It tells you: Ok, so if you have this RGB value, you need this CMYK value.

So what is a calibration hardware doing? There is no freeware because you need some special devices for it. It scans some predefined colors on your monitor. It scans the color red 255 but what it scans on your monitor isn’t 255. It should be 255, but it isn’t. So it changes this color on your monitor, until it really is 255.

That’s how color calibration works (very simplified).

To get a result as good as possible there are several things to do: Use the correct RGB color space, the correct CMYK color space (which they gave you - I guess it’s ISOcoated but it also can be their own defined color profile) and most importantly use a monitor that displays colors correctly.

Probably you don’t have such a monitor. The first problem about “bad” (common) monitors is, that the colors are displayed wrong anyways. Good monitors (usually EIZO or Quato) display colors good from the beginning, but they still need color calibration!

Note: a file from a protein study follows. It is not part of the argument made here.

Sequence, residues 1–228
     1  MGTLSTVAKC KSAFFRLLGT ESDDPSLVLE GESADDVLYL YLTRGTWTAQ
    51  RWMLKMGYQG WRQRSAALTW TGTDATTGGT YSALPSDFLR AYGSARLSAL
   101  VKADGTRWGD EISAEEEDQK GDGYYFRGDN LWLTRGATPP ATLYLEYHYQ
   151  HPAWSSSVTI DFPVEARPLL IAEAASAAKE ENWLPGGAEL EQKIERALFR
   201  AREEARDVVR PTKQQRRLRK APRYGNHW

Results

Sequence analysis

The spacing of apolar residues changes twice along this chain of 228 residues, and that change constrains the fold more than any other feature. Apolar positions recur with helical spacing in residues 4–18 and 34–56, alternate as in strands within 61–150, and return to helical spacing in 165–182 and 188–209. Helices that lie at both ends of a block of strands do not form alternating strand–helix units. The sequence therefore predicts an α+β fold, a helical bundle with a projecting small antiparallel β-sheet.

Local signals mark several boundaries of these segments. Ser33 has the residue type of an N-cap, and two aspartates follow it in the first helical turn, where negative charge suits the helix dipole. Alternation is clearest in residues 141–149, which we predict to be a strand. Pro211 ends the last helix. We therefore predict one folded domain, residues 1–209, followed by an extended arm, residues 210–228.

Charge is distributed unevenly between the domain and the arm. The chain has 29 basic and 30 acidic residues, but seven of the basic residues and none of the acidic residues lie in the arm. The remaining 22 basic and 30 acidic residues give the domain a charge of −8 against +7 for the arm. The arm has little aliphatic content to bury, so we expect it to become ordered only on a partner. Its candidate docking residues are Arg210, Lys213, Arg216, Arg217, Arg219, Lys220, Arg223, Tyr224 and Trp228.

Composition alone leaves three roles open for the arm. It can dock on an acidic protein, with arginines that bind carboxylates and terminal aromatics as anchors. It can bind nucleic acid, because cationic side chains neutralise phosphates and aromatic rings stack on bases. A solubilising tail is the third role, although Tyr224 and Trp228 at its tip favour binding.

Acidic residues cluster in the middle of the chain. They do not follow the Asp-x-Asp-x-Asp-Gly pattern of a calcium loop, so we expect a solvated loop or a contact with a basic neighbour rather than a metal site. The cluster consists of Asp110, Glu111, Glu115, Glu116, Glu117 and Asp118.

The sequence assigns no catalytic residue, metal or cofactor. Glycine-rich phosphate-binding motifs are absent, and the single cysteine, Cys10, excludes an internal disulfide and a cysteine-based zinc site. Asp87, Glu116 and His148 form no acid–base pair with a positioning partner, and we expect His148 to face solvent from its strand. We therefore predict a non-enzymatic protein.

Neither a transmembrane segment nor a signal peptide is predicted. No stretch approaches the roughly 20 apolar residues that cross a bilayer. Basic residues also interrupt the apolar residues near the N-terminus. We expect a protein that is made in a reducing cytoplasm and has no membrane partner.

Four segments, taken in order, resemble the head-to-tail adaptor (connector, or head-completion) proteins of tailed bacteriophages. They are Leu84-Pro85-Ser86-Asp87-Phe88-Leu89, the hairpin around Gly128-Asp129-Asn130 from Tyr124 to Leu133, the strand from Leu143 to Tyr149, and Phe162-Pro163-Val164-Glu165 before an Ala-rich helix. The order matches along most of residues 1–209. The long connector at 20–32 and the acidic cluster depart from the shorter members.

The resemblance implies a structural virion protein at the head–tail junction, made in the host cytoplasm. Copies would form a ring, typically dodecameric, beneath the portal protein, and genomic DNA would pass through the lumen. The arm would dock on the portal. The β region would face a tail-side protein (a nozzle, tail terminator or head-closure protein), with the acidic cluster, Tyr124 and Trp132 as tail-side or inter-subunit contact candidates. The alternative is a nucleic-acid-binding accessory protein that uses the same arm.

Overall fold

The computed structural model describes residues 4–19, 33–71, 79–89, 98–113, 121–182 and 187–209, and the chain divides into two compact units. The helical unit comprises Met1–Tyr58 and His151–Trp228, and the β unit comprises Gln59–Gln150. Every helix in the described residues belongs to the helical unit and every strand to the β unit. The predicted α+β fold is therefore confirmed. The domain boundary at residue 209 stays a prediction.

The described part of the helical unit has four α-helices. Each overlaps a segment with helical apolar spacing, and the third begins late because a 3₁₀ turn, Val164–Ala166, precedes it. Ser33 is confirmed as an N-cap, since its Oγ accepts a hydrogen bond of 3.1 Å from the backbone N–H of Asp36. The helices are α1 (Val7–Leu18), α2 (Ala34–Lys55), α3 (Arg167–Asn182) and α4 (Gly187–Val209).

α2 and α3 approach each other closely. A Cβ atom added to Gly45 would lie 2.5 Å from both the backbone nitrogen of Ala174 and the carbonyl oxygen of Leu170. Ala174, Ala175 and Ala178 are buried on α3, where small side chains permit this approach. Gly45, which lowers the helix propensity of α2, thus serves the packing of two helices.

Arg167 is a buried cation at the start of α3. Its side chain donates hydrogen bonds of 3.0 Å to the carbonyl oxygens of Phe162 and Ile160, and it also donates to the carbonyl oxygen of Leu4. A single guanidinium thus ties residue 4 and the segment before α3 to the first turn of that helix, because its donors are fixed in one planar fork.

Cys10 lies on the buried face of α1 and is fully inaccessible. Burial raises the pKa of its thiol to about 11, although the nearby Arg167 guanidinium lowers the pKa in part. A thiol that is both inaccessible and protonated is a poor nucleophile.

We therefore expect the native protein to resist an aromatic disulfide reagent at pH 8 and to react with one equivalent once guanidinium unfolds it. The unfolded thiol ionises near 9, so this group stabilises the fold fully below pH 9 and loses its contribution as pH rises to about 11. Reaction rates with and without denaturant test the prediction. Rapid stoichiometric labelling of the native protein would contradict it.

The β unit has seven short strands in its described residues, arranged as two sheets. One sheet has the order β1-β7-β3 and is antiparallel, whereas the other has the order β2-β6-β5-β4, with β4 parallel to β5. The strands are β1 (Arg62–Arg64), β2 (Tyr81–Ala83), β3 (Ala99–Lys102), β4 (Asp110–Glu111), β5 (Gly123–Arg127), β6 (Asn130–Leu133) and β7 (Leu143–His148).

The second problem is, that your monitor probably can’t even display half of the color which can be printed on a printing machine. Only expensive monitors from EIZO or Quato can do this.

So you can’t even print as shiny as on a printing machine. You can’t reach the full color space of their printing machine.

However, you can still get good results. Of course you need a good monitor (a 500€ EIZO monitor should be ok for the beginning (they don’t cover all the color space - they only do from a price beginning from 1000€, but the colors are still very good in relation to normal monitors … btw dont use Apple Cinema Displays they just fucking suck.)

Then you need to use the right RGB profile. It is recommended to use eciRGB. More to be found here: http://eci.org/doku.php?id=de:start

eciRGB and AdobeRGB are pretty similar to each other (according to color range), however usually it is recommended in industry to use eciRGB. It was specially developed for this purposes.

However, I guess your monitor can only display about sRGB. So it is proabably ok if you only work in sRGB. When all your work is finished, you convert your image file into the CMYK color profile the printing company gave you. Then you are finished.